After deducting their costs Anna and Jeremy were also looking at a profit of $405,000 before tax.

Anna and Jeremy held their property for longer than 12 months so only 50% of their capital gain is subject to CGT. So of the $405,000 capital gain only $202,500 is subject to tax.

Because Anna and Jeremy are joint owners in the investment, the capital gain is split evenly across their two incomes. So $101,250 is added to their individual personal incomes for the 2017/2018 tax year – and they will be taxed according to the relevant income tax brackets.

A clear exit strategy delivers profit

Remember how we said the key to minimising your CGT exposure is a clear exit strategy. Here’s how that works in practice …

Jeremy earns $100,000 per annum. With his share of the profit added, Jeremy’s total taxable income without deductions is $201,250. This puts him in the highest tax bracket and his income tax bill will be $64,245.

Anna on the other hand left her job in 2017 so her annual income was reduced from $100,000 to $30,000. With her share of the profit added, her total taxable income before deductions becomes $131,250. This puts Anna in the second highest tax bracket and her income tax bill will be $36,195.

By choosing to sell their property when one of their incomes was reduced, Anna and Jeremy reduced their annual tax by over $25,000.

So how much did they make?

Capital Gains TaxTotal annual income without investment property
Jeremy’s net income: $ 75,368
Anna’s net income: $ 27 758
Shared net income: $103,126

Total annual income with investment property
Jeremy’s net income: $137,456
Anna’s net income: $ 95,056
Investment property 50% Profit: $202,500
Total net income: $435,012


Now of course you can’t always expect the property market to deliver such a huge return in just twelve months – in these examples we’ve constrained the time limit to demonstrate the 12-month rule on selling your investment property. The point remains that if your exit is strategic you can minimise the tax you must pay to maximise your profit.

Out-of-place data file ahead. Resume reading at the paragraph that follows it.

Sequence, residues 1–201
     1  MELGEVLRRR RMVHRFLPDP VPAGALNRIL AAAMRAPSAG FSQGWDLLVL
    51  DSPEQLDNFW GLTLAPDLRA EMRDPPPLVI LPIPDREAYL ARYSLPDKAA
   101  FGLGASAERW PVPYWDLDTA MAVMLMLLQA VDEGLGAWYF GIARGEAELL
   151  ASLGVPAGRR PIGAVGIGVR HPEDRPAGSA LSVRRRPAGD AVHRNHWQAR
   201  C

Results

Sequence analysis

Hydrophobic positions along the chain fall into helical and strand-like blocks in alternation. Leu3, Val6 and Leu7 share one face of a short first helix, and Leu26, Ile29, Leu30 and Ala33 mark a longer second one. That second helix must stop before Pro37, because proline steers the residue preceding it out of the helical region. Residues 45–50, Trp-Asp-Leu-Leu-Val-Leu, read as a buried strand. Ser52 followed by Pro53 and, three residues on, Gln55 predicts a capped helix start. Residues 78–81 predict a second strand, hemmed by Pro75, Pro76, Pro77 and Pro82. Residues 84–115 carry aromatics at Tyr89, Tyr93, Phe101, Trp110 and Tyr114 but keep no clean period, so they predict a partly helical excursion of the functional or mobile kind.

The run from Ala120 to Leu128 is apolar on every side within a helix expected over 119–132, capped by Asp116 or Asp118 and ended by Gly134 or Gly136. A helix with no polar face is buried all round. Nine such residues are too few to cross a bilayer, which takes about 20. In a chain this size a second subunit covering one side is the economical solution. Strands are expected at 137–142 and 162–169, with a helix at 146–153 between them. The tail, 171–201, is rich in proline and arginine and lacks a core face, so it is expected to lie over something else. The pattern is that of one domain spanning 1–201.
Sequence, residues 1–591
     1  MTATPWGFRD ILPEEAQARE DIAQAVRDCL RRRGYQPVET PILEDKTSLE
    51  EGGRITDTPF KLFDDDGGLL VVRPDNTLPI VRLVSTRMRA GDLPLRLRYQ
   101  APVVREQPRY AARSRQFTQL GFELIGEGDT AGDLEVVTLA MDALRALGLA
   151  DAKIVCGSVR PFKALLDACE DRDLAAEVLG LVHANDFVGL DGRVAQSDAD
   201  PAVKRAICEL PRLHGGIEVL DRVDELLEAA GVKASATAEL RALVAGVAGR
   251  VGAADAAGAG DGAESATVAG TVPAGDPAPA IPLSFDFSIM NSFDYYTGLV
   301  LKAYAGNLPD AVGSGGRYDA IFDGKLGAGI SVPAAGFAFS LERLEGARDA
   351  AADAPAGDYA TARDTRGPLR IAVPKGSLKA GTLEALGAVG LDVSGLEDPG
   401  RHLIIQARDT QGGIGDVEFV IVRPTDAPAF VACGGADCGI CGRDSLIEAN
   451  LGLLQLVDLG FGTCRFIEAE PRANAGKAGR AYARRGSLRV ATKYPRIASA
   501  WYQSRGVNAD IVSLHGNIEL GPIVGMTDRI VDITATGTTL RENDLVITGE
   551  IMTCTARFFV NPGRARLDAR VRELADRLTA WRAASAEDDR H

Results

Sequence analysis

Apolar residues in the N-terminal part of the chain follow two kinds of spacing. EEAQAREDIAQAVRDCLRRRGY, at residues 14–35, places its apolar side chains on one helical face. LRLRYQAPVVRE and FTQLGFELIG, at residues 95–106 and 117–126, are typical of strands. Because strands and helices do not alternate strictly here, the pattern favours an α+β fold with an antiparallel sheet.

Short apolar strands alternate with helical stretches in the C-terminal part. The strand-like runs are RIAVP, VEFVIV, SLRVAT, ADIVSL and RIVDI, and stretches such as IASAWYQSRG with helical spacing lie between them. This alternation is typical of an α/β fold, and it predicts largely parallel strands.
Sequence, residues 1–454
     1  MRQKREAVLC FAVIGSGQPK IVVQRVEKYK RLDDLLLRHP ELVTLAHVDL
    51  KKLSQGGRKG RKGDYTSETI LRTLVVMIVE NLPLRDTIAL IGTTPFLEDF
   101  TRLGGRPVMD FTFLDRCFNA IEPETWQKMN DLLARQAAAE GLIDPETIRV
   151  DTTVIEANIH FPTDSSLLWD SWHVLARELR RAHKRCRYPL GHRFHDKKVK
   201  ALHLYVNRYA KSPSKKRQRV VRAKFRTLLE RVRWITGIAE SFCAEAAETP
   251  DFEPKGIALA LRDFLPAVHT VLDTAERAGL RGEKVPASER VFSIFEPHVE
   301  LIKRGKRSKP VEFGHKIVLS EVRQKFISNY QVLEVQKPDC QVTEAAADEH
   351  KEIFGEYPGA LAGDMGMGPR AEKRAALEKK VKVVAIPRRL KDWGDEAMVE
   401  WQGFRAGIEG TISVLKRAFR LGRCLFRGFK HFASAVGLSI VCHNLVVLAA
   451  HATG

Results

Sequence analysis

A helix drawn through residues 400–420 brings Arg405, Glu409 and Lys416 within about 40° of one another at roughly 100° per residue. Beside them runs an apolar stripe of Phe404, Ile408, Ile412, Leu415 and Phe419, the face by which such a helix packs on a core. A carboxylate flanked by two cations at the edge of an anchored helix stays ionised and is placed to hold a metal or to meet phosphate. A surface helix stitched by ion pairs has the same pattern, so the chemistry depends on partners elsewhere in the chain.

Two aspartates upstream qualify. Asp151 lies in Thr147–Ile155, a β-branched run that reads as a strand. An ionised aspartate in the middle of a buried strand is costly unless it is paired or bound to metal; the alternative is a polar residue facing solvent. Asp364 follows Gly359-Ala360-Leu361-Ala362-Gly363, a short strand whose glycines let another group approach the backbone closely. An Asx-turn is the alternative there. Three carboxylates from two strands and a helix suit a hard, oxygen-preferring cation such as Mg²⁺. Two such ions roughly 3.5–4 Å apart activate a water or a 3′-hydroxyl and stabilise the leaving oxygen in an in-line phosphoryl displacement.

A great result but we can make it better …

By utilising a clear exit strategy Anna and Jeremy were able to considerably increase their annual income. This is a great result but it’s only a one off. Imagine if you could replicate this result three, four or even five times over a ten-year period.

At Mirren your financial prosperity is our goal. We want to ensure your financial security using out proven solution for strategic property investment.

As Rene explains,
“The goal with the ten-year plan is to purchase three to five investment properties … when we achieve this for our clients they are able to retire earlier with a lot more money. Generally speaking, after seven to ten years, our clients are much, much happier people.”

Capital Gains Tax

Three golden rules

Here are three golden rules to minimising your CGT.

  1. Hold the property for longer than 12 months.
  2. Have a clear exit strategy – leverage life events when your annual income may be reduced – like job changes and retirement.
  3. Factor-in tax deductions – remember CGT is part of your annual income tax return so the same rules apply.


Are you ready?

Don’t delay – request your free consultation today! Positively geared properties are only a phone call away.
Are you ready to pay off your home sooner and achieve financial success through property investment?
Call Mirren today.

Newsletter Signup

Contact Mirren today

No guesswork. No dramas. Just results.